If the concentration of large particles is too high (such as during heavy smog), the color intensity andcontrast is diminished and the lighting becomes more homogenous. When very few particles are present,the reddish light is more concentrated around the Sun and is not spread across and away from thehorizon.
Optical illusions and other phenomena
This is a 
,a very particular kind of  Parhelion 
Atmospheric refraction causes the Sun to be seen while it is still below the horizon.
The Sun appears larger at sunrise than it does while higher in the sky, in a manner similar tothe moon illusion. 
The Sun appears to rise above the horizon and circle the Earth, but it is actually the Earth that isrotating, with the Sun remaining fixed. This effect results from the fact that an observer on Earthis in a rotating reference frame. 
Occasionally a 
 occurs, demonstrating a very particular kind of  Parhelion belonging to the optical phenomenon family of  halos. 
Sometimes just before sunrise or after sunset a green flash can be seen. This is an optical phenomenon in which a green spot is visible above the sun, usually for no more than a secondor two.
(from an Old English verb
"to become day") is the time that marks the beginning of the twilight before sunrise.It is recognized by the presence of weak sunlight, while the Sun itself is still below the horizon.Dawn should not be confused with sunrise, which is the moment when the leading edge of the Sun itself appears above the horizon.The duration of the twilight period between dawn and sunrise varies greatly depending on theobserver's latitude, from a little over twenty minutes in equatorial regions,to many hours in polar regions,to several weeks at the poles.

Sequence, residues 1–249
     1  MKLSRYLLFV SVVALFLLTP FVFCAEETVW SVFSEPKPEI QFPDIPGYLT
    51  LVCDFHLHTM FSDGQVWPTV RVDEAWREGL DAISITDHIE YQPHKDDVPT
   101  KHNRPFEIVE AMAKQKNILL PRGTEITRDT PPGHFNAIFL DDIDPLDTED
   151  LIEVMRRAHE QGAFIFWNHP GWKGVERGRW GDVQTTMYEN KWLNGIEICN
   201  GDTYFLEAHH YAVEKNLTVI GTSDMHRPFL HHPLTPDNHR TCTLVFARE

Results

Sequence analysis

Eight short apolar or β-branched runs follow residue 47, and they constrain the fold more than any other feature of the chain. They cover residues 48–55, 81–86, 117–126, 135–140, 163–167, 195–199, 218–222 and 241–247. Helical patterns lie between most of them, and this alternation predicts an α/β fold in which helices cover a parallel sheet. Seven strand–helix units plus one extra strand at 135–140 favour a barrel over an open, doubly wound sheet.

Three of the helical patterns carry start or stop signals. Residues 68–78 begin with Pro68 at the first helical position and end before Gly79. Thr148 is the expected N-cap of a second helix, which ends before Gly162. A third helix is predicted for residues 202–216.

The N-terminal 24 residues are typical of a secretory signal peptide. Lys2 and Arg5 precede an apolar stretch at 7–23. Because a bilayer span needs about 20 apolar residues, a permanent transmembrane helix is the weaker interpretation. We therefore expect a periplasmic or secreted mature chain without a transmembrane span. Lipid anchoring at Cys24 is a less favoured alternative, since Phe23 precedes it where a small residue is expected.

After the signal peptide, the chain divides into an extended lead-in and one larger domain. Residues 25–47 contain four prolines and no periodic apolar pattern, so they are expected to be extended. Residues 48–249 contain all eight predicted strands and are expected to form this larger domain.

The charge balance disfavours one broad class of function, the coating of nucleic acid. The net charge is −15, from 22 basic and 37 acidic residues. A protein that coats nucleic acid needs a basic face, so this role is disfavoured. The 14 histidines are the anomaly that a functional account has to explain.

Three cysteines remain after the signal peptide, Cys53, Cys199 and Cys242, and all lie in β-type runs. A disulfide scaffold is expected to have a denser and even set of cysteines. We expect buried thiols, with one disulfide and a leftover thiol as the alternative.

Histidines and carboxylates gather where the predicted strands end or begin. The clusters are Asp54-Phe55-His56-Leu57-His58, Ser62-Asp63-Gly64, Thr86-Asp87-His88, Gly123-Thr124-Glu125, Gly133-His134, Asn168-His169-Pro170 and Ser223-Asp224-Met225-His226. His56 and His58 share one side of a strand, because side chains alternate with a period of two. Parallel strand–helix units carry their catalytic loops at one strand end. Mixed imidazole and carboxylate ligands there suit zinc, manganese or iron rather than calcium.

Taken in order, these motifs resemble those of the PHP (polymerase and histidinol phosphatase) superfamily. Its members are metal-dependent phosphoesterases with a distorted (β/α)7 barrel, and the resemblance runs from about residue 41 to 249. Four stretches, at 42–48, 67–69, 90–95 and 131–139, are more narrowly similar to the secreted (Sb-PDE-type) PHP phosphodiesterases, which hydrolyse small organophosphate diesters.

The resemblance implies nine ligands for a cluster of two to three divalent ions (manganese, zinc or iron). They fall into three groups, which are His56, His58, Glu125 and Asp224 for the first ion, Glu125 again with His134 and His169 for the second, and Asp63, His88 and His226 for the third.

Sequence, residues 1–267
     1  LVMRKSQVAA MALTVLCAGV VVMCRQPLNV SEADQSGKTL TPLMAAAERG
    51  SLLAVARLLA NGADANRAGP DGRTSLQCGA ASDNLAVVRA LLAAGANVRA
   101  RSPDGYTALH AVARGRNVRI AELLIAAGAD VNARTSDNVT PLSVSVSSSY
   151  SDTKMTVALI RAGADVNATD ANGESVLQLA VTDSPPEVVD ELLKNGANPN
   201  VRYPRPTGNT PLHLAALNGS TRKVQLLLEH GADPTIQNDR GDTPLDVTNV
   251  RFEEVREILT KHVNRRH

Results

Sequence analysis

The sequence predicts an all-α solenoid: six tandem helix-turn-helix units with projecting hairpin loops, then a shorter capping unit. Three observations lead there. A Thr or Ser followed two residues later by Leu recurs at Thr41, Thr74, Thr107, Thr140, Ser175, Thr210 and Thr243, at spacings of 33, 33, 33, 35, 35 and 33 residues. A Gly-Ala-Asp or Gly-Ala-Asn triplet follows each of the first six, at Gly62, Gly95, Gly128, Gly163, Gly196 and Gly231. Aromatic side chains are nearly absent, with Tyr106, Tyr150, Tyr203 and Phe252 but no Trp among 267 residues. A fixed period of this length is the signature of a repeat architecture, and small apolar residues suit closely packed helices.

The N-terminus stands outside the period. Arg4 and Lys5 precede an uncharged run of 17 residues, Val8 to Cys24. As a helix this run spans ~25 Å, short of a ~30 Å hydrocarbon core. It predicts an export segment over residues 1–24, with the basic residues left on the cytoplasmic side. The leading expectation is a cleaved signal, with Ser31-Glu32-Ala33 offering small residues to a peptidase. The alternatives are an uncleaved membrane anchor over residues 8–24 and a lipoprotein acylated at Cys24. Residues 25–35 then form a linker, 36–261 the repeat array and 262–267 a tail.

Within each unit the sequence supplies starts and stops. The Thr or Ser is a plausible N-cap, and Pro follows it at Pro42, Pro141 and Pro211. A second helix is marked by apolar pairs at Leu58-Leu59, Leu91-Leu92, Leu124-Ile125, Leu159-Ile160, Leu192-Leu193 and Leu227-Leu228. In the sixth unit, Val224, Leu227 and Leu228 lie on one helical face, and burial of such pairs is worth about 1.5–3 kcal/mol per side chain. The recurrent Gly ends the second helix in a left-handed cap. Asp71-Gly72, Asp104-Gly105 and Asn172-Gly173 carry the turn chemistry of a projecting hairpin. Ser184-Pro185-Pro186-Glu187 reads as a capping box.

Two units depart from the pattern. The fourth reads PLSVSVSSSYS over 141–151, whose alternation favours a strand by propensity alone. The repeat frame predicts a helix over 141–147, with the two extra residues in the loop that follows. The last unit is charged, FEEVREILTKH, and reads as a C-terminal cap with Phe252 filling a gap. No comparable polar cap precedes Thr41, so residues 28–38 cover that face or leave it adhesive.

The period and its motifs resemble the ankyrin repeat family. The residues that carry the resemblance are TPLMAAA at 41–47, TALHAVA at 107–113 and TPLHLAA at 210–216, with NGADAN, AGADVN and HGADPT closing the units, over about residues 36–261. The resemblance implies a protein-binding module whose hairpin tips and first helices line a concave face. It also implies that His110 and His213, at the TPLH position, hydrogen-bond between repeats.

Astronomical dawn
the moment after which the sky is no longer completely dark; formally defined as the time at which theSun is 18 degrees below the horizon in the morning.
Nautical dawn
the time at which there is enough sunlight for the horizon and some objects to be distinguishable;formally, when the Sun is 12 degrees below the horizon in the morning.
Civil dawn
that time at which there is enough light for objects to be distinguishable, so that outdoor activities cancommence; formally, when the sun is 6 degrees below the horizon in the morning.
 During dawn (and dusk) it is usually possible (provided that the sky is cloud-free) to see approximately inwhich direction the Sun is (though it's below the horizon). Though it is possible to localize the directionof the Sun during
astronomical dawn and dusk 
, people in general experience astronomical dawn anddusk as night, even without clouds. Zenith is dark and more than just the brightest shining stars can be seen (except low above the horizon in the direction of the sun).At
civil dawn
there is no darkness in any direction, nor at zenith. The sky is bright, even when cloudy. Inmid and northern Scandinavia, summer nights never get any further than to civil dusk or dawn. Thisperiod of "bright nights" is longer at higher latitudes (further north).North of the polar circle (at
66°30′ N) the Sun does not set at all at the
 summer solstice.The period of  no sunset is longer closer to the North Pole.The angular radius of the polar circle is equal to the angle between the plane of Earth's equator and that of the ecliptic.At true solar noon at London (latitude